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Ross v. Cauley

United States District Court, E.D. Tennessee

January 22, 2018

ANDRE D. ROSS, Petitioner,
v.
KENNY CAULEY, Respondent.

          MEMORANDUM OPINION

          THOMAS A. VARLAN, CHIEF UNITED STATES DISTRICT JUDGE.

         On April 10, 2017, Andre D. Ross (“Petitioner”) filed a “Notice to Accept U.S.C. 2254 Motion” [Doc. 1] and a motion to proceed in forma pauperis [Doc. 1]. On December 12, 2017, the Court granted Petitioner's motion to proceed in forma pauperis and advised Petitioner that his pleading was not in compliance with the Rules Governing Section 2254 Cases [Doc. 6]. Specifically, the Court found that Petitioner failed to substantially follow an approved form in attempting to set forth his grounds for relief [Id.]. Nevertheless, the Court gave Petitioner a limited opportunity to clarify his grounds for relief and bring his filing into compliance with the relevant rules [Id.]. The Court directed the Clerk to send Petitioner a court-approved preprinted form motion used to file motions to vacate under § 2254 and ordered Petitioner to complete the form motion, sign it, and return it to the Court within thirty days of the date of the Order [Id.]. Petitioner was forewarned that if he “fail[ed] to timely comply with this Order, the Court will dismiss this action for want of prosecution and failure to comply with orders of the Court” [Id. at 4].

         More than thirty days have passed, and Petitioner has not filed any response to the Court's order. Federal Rule of Civil Procedure 41(b)[1] gives this Court the authority to dismiss a case for “failure of the plaintiff to prosecute or to comply with these rules or any order of the court.” See, e.g., Nye Capital Appreciation Partners, LLC v. Nemchik, 483 F. App'x 1, 9 (6th Cir. 2012); Knoll v. Am. Tel. & Tel. Co., 176 F.3d 359, 362-63 (6th Cir. 1999). Involuntary dismissal under Rule 41(b) “operates as an adjudication on the merits.” Fed.R.Civ.P. 41(b); see Link v. Wabash R.R. Co., 370 U.S. 626, 629 (1962) (“The authority of a federal trial court to dismiss a plaintiff's action with prejudice because of his failure to prosecute cannot seriously be doubted.”).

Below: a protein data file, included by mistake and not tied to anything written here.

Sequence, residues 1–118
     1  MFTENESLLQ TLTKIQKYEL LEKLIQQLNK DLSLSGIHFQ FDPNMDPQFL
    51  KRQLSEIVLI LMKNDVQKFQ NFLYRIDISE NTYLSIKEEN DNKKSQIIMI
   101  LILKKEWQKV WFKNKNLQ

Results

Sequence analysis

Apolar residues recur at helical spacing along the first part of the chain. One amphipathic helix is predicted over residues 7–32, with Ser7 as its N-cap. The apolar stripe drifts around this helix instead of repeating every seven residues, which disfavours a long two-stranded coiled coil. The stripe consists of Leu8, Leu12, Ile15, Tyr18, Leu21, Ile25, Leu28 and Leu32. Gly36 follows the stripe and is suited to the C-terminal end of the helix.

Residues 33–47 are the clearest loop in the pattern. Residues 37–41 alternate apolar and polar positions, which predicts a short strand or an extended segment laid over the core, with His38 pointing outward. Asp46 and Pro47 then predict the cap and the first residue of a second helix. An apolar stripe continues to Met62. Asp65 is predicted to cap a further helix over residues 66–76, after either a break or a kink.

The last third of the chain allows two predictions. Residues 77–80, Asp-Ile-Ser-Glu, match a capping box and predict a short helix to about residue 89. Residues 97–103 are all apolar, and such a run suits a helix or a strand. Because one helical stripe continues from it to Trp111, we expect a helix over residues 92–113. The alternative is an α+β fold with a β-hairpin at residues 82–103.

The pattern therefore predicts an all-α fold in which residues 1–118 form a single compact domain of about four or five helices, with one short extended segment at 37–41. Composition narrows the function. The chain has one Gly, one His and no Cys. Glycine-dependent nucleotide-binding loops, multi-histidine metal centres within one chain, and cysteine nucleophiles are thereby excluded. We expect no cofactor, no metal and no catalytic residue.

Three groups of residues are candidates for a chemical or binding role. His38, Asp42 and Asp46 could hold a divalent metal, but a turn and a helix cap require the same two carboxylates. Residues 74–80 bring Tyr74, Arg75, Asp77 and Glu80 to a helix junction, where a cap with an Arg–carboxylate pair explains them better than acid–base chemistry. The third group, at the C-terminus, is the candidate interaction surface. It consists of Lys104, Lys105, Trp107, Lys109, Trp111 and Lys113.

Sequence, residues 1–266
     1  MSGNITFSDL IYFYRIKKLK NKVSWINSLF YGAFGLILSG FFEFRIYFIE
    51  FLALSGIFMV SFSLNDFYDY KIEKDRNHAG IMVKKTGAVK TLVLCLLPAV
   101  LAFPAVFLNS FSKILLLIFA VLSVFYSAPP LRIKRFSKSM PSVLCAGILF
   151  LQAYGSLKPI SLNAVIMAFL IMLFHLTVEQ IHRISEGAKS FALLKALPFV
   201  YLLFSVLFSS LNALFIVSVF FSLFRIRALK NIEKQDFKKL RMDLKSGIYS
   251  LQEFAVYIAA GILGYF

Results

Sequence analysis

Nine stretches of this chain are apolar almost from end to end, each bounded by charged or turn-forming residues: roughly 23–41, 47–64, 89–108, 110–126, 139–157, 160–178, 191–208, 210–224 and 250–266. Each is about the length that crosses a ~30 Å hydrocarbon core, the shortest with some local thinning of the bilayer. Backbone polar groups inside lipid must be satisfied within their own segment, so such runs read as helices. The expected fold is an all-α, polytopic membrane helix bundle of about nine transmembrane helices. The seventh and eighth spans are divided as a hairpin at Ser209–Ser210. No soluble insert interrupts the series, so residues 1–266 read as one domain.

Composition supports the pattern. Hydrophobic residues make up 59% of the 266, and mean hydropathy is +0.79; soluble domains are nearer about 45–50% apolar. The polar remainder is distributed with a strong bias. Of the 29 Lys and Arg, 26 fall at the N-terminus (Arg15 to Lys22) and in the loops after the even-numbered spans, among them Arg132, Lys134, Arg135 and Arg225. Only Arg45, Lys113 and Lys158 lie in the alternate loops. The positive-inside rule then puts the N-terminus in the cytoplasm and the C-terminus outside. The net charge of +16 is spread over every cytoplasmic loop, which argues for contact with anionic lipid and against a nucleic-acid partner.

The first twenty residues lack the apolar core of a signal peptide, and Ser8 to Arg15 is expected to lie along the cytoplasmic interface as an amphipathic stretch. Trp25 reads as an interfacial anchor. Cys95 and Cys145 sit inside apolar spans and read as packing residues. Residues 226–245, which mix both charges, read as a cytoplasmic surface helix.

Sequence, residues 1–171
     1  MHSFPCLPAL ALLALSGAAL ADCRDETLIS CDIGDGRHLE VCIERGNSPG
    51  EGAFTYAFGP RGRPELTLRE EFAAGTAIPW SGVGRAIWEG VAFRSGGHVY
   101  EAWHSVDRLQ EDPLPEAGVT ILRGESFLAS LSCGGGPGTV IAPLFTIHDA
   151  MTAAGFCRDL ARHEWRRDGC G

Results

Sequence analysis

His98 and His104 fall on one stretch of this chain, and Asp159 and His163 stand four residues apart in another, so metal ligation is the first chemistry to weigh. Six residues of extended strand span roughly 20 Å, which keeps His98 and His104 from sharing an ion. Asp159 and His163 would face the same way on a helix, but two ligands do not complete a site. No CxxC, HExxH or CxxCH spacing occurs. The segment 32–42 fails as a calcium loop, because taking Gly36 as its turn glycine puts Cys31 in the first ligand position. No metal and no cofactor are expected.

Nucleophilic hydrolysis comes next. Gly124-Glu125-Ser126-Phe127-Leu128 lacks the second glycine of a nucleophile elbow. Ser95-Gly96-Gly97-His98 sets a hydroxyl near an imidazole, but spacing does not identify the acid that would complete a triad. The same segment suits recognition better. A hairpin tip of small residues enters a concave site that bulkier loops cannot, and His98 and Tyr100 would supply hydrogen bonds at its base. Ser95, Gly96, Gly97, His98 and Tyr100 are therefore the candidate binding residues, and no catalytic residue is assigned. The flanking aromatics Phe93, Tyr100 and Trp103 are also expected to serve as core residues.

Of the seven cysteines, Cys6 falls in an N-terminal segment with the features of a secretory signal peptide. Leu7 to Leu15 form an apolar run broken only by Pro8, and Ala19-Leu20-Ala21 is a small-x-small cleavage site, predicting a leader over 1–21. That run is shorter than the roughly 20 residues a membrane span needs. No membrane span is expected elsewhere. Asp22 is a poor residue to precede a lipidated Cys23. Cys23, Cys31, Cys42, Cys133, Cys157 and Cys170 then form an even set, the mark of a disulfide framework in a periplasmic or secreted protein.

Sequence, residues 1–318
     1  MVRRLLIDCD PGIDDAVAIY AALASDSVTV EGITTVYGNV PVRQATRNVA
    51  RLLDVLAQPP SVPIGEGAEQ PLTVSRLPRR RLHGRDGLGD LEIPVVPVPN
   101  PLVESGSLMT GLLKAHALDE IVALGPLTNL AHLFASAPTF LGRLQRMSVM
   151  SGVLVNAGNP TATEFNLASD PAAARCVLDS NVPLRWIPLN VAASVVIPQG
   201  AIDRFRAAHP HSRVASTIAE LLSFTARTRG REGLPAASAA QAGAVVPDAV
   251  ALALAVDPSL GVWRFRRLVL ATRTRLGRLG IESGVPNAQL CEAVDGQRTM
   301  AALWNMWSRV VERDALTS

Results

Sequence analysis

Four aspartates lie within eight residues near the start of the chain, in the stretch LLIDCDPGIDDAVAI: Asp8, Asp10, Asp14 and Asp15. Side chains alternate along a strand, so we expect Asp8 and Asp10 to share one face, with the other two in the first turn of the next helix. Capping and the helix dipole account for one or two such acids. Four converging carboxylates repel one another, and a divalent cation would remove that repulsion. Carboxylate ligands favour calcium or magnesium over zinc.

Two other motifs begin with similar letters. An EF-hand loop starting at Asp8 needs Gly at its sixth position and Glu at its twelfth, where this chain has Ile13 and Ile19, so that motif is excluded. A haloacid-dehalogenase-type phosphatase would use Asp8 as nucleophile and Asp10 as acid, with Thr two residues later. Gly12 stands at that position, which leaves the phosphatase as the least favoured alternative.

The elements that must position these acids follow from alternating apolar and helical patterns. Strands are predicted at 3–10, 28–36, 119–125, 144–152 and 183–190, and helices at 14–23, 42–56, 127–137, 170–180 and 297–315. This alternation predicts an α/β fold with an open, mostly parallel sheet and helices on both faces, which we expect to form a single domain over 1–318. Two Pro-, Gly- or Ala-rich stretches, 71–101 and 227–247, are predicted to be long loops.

The Court looks to four factors when considering dismissal under Rule 41(b):

(1) whether the party's failure is due to willfulness, bad faith, or fault; (2) whether the adversary was prejudiced by the dismissed party's conduct; (3) whether the dismissed party was warned that failure to cooperate could lead to dismissal; and (4) whether less drastic sanctions were imposed or considered before dismissal was ordered.

Wu v. T.W. Wang, Inc., 420 F.3d 641, 643 (6th Cir. 2005); see also Regional Refuse Sys., Inc. v. Inland Reclamation Co., 842 F.2d 150, 155 (6th Cir. 1988).

         As to the first factor, the Court finds that Petitioner's failure to prosecute this action can be attributed to his own willfulness or fault. Notably, the Order sent to Petitioner's address on file was not returned to the Court. Petitioner's failure to respond to the Court's Order may be willful (if he received the Order and declined to respond), or it may be negligent (if he did not receive the Order because he failed to update his address and/or monitor this action as required by Local Rule 83.13). Pursuant to Local Rule 83.13, it is the duty of the pro se party to monitor the progress of the case and to prosecute or defend the action diligently. See E.D. Tenn. L.R. 83.13. Accordingly, in either case, the first factor weighs in favor of dismissal.

         The second factor, however, weighs against dismissal. As defendant Kenny Cauley has not yet been served, he has not been prejudiced by Petitioner's inactions.

         The third factor clearly weighs in favor of dismissal, as Petitioner has failed to comply with the Court's Order, despite being expressly warned of the possible consequences of such a failure.

         Finally, the Court finds that alternative sanctions would not be effective. Petitioner has filed a motion for leave to proceed in forma pauperis; therefore, the Court has no indication that Petitioner has the ability to pay a monetary fine. The Court does not believe that a dismissal without prejudice would be an effective sanction to promote Plaintiff's respect for this Court's deadlines and orders, given that the threat of dismissal with prejudice was not effective in compelling Petitioner's compliance. The Court thus concludes that, in total, the relevant factors weigh in favor of dismissal of Petitioner's action with prejudice pursuant to Rule 41(b).

         For the reasons discussed herein, this action is hereby DISMISSED WITH PREJUDICE pursuant to Rule 41(b).

         AN APPROPRIATE ORDER WILL ENTER.

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